Photographer Sara Shamsavari Embraces the Bold Beauty of Men
Photo: Brendon Mochia, Copenhagen.
Photographer Sara Shamsavari is a master of balancing the subtle with the bold, combining the foreign with the familiar to unforgettable effect, crafting a body of work so powerful you don’t realize what is happening until the experience is complete. The Iran-born, London-based artist observes, “One of the most amazing things someone ever said to me about my work is, ‘What you are doing is changing people’s perspectives more effective than any campaigner’s fight for rights.’”
Perhaps this is because art operates in a space that is both sacred and profane, combining the materials and spiritual realms into a single frame. Shamsavari’s portraits of men and women around the world appear to be lush, vibrant images of beauty, grace, and style, but that is just on the surface. With Shamsavari, there is always more than meets the eye.
She observes, “Photography has the ability to touch people in a different way and to take people to different places. I have no interest in preaching to the converted. I have so much to share. The only way the world is going to change is to talk to different people. My mission goes beyond just pleasing myself. I believe in sharing without preaching. You share ideas but you give decision making back to the audience. You don’t shove it down their throats. I cannot stand people telling me what to think. I like to be presented and given space to think about it.”
Shamsavari rose to international prominence with “Veils,” her portrait series of women in New York, London, and Paris wearing the hijab—a subject that is more timely than ever in light of France’s recent efforts to ban both the veil and the burkini. Shamsavari, who notes that she is neither a critic nor advocate of the veil, uses photography as a means to look beyond the surface of the topic at hand. Her portraits are a celebration of beauty, personality, and grace—of the depths of soul that flow underneath.
More recently, Shamsavari began photographing men as part of curator Shantrelle P. Lewis’s touring exhibition, Dandy Lion: (Re)Articulating Black Masculine Identity, which will make its UK premier at the Brighton Photo Biennial in October 2016. The first comprehensive exhibition of its kind, Dandy Lion pays homage to young men who remix Victorian-era fashion with traditional African sartorial sensibilities against a contemporary cityscape. The exhibition gives a new look into a time-honored tradition, one where style and originality are matters of personal integrity.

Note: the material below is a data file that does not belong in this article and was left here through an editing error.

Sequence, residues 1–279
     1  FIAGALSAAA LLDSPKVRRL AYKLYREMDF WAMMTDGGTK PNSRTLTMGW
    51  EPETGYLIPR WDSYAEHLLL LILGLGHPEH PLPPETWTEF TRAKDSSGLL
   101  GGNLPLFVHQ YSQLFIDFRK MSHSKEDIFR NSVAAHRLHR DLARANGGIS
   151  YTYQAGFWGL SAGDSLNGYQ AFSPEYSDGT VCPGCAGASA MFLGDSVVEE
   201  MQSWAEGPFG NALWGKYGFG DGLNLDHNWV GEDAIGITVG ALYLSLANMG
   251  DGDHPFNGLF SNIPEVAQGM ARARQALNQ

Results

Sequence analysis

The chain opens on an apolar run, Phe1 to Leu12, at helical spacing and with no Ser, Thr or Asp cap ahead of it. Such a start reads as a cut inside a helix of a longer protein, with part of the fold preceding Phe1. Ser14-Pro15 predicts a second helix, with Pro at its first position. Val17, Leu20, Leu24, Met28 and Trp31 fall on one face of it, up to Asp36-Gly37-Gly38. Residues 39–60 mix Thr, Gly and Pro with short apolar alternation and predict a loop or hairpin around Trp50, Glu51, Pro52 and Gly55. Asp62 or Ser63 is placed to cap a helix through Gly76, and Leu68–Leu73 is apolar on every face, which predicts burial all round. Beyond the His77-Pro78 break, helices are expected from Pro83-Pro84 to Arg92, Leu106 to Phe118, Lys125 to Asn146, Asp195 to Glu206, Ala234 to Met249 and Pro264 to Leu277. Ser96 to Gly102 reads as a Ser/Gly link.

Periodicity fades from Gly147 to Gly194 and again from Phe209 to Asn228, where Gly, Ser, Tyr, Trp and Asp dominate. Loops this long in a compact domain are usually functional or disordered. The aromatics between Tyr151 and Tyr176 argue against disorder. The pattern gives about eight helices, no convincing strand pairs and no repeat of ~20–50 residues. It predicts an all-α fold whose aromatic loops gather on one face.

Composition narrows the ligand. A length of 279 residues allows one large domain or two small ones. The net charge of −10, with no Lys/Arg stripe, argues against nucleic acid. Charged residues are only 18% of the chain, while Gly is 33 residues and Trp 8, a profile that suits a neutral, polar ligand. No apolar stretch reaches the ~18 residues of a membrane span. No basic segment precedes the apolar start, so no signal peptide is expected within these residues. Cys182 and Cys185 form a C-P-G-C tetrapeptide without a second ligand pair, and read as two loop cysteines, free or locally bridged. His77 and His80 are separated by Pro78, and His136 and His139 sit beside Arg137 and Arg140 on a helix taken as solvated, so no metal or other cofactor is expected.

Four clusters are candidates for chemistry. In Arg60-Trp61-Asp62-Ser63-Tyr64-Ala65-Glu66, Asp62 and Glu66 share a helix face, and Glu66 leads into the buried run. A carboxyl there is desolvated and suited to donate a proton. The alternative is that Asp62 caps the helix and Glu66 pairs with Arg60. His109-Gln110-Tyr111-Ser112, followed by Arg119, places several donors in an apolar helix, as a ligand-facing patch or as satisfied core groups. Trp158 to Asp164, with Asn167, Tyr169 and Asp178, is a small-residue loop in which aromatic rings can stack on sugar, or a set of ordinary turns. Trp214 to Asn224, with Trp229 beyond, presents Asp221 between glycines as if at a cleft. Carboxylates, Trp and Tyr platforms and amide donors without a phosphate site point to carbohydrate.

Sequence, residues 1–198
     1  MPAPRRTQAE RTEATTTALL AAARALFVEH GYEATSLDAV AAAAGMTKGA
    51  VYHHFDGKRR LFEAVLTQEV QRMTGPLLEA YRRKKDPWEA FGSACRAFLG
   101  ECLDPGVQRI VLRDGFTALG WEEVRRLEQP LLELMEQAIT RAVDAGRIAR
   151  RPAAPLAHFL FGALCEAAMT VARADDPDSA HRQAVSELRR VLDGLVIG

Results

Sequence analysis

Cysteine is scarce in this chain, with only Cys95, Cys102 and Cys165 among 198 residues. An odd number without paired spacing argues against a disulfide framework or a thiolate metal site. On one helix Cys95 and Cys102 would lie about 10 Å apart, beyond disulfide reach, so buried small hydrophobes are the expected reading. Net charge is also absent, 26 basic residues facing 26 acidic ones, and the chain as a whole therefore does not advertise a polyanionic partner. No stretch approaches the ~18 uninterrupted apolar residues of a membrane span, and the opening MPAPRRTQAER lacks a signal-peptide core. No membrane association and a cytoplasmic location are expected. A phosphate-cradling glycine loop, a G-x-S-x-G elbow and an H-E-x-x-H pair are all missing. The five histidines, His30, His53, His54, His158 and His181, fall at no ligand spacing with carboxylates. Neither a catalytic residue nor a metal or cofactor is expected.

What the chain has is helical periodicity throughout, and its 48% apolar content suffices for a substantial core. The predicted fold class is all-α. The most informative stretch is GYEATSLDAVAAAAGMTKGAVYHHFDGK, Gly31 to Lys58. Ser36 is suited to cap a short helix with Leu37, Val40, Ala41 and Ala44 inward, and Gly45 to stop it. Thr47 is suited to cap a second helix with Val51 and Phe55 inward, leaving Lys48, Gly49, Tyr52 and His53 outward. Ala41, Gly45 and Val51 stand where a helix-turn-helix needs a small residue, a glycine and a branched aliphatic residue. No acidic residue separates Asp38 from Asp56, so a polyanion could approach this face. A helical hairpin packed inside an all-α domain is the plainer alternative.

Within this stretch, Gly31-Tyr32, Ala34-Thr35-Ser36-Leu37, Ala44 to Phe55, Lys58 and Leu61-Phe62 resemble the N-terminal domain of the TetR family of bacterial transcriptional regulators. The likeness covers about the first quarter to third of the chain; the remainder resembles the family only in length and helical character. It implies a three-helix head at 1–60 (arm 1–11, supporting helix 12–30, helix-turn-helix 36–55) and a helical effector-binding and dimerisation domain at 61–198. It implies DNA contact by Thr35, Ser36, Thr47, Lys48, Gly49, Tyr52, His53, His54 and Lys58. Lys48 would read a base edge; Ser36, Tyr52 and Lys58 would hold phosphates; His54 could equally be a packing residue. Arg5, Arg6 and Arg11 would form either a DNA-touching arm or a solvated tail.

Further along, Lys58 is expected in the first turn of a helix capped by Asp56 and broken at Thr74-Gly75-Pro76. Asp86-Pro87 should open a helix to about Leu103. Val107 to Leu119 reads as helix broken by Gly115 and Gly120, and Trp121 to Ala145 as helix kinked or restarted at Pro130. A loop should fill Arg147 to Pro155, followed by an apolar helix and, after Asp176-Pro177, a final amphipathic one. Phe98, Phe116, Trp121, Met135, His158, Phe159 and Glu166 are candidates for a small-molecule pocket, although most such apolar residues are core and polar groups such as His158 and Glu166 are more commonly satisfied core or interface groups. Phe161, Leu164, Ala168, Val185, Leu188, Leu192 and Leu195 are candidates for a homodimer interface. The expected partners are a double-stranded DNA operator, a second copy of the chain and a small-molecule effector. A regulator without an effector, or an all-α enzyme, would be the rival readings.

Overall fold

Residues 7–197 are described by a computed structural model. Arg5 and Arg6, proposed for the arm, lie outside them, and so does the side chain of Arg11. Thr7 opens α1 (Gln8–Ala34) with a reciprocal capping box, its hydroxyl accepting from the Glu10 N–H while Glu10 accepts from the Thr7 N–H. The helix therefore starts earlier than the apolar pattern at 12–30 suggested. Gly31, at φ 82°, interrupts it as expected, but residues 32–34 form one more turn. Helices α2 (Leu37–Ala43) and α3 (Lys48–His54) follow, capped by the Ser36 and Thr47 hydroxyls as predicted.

Shamsavari’s photographs embrace this tradition effortlessly, revealing the power of fashion and art to change our perceptions of the world. On the surface, her work captures the cool and the chic, the people who embrace the power of aesthetic elegance. But a closer reading reveals there is more to these pictures than meets the eye. Shamsavari’s portraits create a connection between her subjects and the world, acting as a portal to a land where dignity and respect are the basis on which our humanity is met.
Taken as a whole, Shamsavari’s portraits are a new page in The Family of Man, offering a fresh look at life in the new millennium. She reveals, “What draws me to a person is their energy. It goes beyond what they are wearing. What I love about photography is its ability to create an instant bon between you and the person. It is a collaborative experience; you feel like you know them. We are seeing each other as human beings, and this takes it to the next level.”
It is on this new level that Shamsavari emerges, a secret polymath with plans to reveal the full scope of her talents and vision to the world. She credits celebrated photographer Jamel Shabazz as having a powerful impact on her work, noting, “What I love is his ability to elevate people. The whole world loves it because thy think it’s cool, but his work is much deeper than that. He tells people’s stories. He cares. It’s more than clothes.”
Indeed, the clothing is just the gift wrap; underneath is the real present: the mind, the heart, and the spirit of the individual being celebrated. The joy Shamsavari brings to the act of portraiture is evident in her work. As her subjects stand before her camera, we feel their pride and their pleasure beaming with extraordinary grace, a feeling that evokes the power of love and its mystical ability to transform our experience of life.
All photos © Sara Shamsavari.
Miss Rosen is a New York-based writer, curator, and brand strategist. There is nothing she adores so much as photography and books. A small part of her wishes she had a proper library, like in the game of Clue. Then she could blaze and write soliloquies to her in and out of print loves.